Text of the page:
PERTH’S most controversial toilet saga has come to an end with Maylands to get a loo in an empty garden bed near the train station.
A public toilet’s long been needed in the area and Bayswater council tried for a while to put it on Public Transport Authority land, but the PTA steadfastly refused due “major security and safety issues”.
In 2019 Bayswater council approved a toilet next to the Seventh Avenue Bridge, but it required the relocation of an unusual sculpture made out of railway sleepers from the now-demolished 1913 wooden bridge.
That prompted on-site protests and many in the Maylands Residents and Ratepayer Association and Maylands Business Association condemned the plan. Former Bayswater councillor Terry Gaunt vowed to stand in the way of construction equipment and face gaol rather than see art make way for a commode.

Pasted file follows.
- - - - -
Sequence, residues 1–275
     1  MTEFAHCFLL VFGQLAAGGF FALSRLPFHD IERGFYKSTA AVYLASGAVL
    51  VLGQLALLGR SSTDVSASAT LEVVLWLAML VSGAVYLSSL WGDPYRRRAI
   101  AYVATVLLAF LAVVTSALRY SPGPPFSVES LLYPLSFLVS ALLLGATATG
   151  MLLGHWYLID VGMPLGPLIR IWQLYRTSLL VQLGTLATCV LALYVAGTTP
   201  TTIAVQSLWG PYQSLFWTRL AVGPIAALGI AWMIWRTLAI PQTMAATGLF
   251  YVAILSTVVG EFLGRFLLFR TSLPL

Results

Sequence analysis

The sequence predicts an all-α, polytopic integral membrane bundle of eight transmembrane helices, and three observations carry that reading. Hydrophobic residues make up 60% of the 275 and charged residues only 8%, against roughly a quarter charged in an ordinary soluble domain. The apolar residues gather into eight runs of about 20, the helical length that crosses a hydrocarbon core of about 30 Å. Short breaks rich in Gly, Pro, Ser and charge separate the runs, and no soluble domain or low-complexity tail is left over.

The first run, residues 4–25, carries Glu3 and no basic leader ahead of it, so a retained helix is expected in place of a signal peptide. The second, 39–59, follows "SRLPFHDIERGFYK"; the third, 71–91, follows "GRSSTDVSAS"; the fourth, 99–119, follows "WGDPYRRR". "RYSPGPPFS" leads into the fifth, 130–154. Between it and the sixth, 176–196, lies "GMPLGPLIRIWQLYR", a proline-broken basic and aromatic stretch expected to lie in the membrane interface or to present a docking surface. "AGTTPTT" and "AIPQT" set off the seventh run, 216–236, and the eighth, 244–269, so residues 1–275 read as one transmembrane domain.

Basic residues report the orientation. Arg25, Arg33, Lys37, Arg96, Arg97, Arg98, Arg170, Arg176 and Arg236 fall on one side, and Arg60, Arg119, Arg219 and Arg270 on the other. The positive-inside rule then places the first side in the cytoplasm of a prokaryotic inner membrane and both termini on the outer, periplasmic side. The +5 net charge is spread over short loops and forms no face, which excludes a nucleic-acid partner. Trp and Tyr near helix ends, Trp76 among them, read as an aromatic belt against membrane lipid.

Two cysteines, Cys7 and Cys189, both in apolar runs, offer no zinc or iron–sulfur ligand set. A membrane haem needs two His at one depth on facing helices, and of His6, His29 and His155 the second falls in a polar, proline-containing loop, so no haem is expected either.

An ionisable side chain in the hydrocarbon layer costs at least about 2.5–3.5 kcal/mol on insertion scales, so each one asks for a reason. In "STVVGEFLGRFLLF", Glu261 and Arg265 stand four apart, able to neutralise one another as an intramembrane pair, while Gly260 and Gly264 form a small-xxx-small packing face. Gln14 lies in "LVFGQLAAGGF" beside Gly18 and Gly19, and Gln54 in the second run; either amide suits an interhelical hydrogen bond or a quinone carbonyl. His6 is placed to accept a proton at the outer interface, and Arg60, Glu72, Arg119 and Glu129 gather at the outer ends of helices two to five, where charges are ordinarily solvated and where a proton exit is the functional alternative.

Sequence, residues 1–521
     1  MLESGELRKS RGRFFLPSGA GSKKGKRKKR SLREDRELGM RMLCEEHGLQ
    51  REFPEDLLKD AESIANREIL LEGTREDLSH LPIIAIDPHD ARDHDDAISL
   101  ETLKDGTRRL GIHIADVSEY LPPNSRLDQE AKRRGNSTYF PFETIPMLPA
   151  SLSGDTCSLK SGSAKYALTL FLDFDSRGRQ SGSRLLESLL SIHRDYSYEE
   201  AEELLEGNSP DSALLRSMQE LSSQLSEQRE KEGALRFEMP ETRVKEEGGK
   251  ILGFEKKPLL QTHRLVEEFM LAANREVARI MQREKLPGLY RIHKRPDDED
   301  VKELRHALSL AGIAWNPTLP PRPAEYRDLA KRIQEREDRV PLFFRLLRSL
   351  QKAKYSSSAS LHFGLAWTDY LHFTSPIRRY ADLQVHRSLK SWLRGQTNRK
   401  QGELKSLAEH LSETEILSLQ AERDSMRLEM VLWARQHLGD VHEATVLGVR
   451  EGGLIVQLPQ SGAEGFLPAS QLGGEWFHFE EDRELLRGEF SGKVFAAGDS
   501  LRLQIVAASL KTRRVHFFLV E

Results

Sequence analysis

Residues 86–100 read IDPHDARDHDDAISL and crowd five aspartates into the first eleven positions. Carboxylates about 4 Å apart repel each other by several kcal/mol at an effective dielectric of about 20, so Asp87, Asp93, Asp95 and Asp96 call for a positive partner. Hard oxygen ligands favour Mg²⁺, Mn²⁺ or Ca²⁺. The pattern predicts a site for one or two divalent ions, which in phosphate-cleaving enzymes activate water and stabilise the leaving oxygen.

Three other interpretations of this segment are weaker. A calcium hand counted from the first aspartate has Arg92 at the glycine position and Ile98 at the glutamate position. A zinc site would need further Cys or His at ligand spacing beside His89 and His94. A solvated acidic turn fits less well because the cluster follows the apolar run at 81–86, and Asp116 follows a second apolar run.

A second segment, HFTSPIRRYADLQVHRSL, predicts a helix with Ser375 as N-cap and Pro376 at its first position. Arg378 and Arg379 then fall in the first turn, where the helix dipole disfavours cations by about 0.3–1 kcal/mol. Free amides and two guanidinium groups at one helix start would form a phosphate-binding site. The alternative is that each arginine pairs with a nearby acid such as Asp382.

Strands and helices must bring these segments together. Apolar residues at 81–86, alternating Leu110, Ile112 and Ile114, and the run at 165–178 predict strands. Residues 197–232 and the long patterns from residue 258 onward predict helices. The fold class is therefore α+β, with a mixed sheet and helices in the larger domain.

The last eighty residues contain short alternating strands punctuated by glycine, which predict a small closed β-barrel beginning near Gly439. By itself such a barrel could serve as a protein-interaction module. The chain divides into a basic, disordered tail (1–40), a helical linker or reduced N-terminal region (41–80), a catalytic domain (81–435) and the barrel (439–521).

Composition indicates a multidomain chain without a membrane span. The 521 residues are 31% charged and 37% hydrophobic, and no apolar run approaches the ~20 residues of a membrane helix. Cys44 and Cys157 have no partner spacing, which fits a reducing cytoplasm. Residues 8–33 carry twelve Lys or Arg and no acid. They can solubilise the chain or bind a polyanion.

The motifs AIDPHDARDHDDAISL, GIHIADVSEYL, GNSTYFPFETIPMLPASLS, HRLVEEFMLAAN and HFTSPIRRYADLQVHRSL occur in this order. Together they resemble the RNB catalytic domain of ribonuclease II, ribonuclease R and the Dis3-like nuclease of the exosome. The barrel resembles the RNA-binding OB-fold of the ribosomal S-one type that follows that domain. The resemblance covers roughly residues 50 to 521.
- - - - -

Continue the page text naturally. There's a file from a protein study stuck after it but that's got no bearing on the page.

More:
Later that year councillor Elli Petersen-Pik, one of two councillors to vote against the bridge site, requested requested for everything to go on pause while the council investigated other spots.
While the PTA was still refusing a loo, resident Brian Selfe discovered a strip of road reserve on Whatley Crescent under council control.
Cr Petersen-Pik welcomed the end of the tale: “The famous toilets are now operational. The saga is finally over.”
He thanked Maylands MP Lisa Baker for securing a $140,000 toilet grant, the MRRA and MBA “for their intensive advocacy” on it, Mr Selfe for identifying the golden sliver of land, fellow councillors for being open to a change of plans, and Bayswater staff for their work getting it over the line.
by DAVID BELL